Marat was at work when his 13-year-old daughter called. She was at home with her younger brother. The girl said that the water destroyed the dam and was approaching their side of the river. Marat called a taxi immediately. When he got to the house, the water was already flooding his plot. Scared, the man grabbed his children and ran, leaving everything behind.
More than 200 houses were flooded in Semeya and the nearby villages. Zaton residents say that they received no warnings about the flood, the first of its kind in 30 years. The authorities of the Eastern Kazakhstan region said they were not informed about the emergency water discharge at the hydroelectric power plant. Not prepared for the emergency, they evacuated the affected people and began to discuss compensation.
“The Irtysh has more water than needed at the moment. People in Kazakhstan even experience overflows. Generally, water and river sources is a very changeable process… the amount of water can vary from year to year. A river is a living organism,” says Kostarev, the Omsk ecologist.
A Garden on Garbage
People living along the river’s banks face the problem of flooding every year. Sometimes there is more water, sometimes less. Due to the constant risk of flooding, some residents have found innovative ways of protecting their houses and land.
Valery Aliev lives in the city of Aksu in the Pavlodar region and is constructing a house in the Glinka district. There was a dock in the district, where ships and boats landed. Aliev’s relatives moved to Aksu in the beginning of the last century. His grandfather built a house on the bank of the Irtysh with a large land plot for a garden, but it constantly flooded, making it hard to cultivate anything.
“My grandfather worked as a driver; he transported garbage. So, he lifted the garden over the river level with the garbage and then covered it with soil. We still have garbage over there, but it will flatten out soon and we will cover it with soil, too,” says Aliev. According to him, they don’t select any specific garbage. They take whatever there is. “We have to fill it with something. We can’t take too much soil.”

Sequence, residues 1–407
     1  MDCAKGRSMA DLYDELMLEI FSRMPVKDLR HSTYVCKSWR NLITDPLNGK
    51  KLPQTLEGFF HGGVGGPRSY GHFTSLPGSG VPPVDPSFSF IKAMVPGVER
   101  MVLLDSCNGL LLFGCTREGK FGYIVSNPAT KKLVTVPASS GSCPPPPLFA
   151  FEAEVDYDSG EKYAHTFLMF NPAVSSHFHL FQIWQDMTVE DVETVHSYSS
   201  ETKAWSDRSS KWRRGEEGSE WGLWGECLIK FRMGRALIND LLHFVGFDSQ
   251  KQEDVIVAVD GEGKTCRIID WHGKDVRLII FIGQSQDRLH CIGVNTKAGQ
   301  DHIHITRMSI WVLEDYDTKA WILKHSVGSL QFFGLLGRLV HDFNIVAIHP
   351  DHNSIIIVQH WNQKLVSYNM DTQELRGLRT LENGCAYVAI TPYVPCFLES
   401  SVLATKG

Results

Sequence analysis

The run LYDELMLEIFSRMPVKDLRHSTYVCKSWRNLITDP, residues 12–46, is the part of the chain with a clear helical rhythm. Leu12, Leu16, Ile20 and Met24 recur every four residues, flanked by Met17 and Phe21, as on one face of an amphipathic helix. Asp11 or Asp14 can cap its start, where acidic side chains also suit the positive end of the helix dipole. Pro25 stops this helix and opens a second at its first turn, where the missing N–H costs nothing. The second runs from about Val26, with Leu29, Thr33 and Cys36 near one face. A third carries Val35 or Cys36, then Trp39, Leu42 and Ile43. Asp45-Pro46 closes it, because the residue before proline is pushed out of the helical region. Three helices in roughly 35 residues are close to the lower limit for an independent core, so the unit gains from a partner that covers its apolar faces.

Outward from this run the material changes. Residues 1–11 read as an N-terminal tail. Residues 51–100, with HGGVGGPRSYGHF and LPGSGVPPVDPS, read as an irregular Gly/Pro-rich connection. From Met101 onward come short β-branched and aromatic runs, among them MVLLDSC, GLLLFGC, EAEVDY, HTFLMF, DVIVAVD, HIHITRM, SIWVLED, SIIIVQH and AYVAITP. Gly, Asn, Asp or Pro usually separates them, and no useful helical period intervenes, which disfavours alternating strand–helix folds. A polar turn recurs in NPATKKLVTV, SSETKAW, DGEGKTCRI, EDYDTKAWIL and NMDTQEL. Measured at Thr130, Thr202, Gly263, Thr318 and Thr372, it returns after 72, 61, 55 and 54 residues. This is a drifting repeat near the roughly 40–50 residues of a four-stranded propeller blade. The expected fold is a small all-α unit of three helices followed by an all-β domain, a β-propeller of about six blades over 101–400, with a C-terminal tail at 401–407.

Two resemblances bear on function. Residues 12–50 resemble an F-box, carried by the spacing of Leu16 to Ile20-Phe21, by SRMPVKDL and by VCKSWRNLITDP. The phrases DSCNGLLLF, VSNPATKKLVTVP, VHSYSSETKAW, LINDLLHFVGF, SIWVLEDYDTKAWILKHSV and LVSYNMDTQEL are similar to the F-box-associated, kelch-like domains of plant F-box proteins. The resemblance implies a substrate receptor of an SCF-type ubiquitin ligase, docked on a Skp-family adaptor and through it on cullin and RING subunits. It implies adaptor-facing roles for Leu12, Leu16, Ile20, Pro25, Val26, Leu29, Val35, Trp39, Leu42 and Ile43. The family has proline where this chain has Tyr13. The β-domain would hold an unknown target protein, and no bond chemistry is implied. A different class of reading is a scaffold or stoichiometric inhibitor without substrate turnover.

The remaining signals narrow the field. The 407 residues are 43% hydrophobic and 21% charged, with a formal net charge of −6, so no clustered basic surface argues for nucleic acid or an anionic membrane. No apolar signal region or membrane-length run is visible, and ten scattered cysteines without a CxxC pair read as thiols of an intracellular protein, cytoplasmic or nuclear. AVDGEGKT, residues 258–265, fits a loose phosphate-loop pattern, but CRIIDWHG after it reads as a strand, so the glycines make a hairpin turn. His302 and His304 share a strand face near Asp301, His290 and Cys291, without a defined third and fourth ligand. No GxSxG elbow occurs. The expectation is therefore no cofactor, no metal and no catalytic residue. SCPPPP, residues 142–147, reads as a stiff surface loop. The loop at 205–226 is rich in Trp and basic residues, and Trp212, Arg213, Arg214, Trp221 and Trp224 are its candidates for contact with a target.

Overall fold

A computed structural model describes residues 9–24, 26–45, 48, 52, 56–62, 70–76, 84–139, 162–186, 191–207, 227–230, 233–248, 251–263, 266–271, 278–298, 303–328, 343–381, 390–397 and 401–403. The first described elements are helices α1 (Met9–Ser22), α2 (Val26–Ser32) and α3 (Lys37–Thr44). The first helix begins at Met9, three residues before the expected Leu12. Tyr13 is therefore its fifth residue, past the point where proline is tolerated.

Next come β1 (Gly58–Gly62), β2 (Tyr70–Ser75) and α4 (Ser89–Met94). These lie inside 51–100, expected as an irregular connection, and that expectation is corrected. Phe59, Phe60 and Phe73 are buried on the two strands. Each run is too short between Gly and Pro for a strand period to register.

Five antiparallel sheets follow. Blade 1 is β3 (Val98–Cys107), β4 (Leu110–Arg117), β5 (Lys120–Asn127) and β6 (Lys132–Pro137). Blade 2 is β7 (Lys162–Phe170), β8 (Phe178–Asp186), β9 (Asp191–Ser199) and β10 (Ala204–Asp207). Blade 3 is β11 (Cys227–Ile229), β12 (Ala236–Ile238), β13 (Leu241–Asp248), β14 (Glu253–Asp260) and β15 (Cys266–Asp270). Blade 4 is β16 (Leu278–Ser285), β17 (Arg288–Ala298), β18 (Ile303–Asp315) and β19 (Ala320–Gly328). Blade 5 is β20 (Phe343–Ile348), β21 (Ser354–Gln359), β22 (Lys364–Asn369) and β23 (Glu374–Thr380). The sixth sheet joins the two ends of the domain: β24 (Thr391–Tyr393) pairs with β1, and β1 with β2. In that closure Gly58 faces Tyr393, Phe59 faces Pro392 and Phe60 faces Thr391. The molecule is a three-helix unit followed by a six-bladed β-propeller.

The garden plot of retired Ilya Grigorievich from Pavlodarskoye village is different from others. It is the only one to survive the floods, because about 30 years ago, Grigorievich put three concrete slabs on the ground and covered them with soil.
“I was doing well working at a motor pool. They constructed a cowshed about 40 km away from here and I knew some guys at the construction site. I drove them back and forth and [entertained them] – my grandmother would cook a goose and I would buy some vodka,” says Grigorievich. As a result, the workers wrote off the inventory three concrete slabs for him, and he used them as a foundation for his garden plot. “Everything would get flooded and I needed a garden. So I took those slabs of 70-75 cm high and put soil on top of them. I built a large greenhouse there,” he recalls.
Alarmed at the situation, Omsk and Pavlodar ecologists have requested to create a committee on the Irtysh issues. In recent years, Kazakh companies have taken ownership of hydroelectric power plants and now water discharges are coordinated with local authorities and the committee of ecologists, where possible.
Nevertheless, the Irtysh waters often overflow in a way different from the previous year. At times the power plants have had to discharge water spontaneously, when water reserves overfilled. These unscheduled and unexpected discharges are the most painful for residents downriver.
“This is the force of nature,” shrug Irtysh residents who have never experienced the problem of floods. They have no idea that since the construction of the hydroelectric power plant everything that happens to the river is not a force of nature anymore, but a result of a human decision. “Who is to blame? Well, you understand everything yourself,” say the residents of the flooded houses looking at their damp walls.
Nicholas Muller is an American photojournalist and writer.
Tanya Chekhova and Maya Sorova contributed to this report.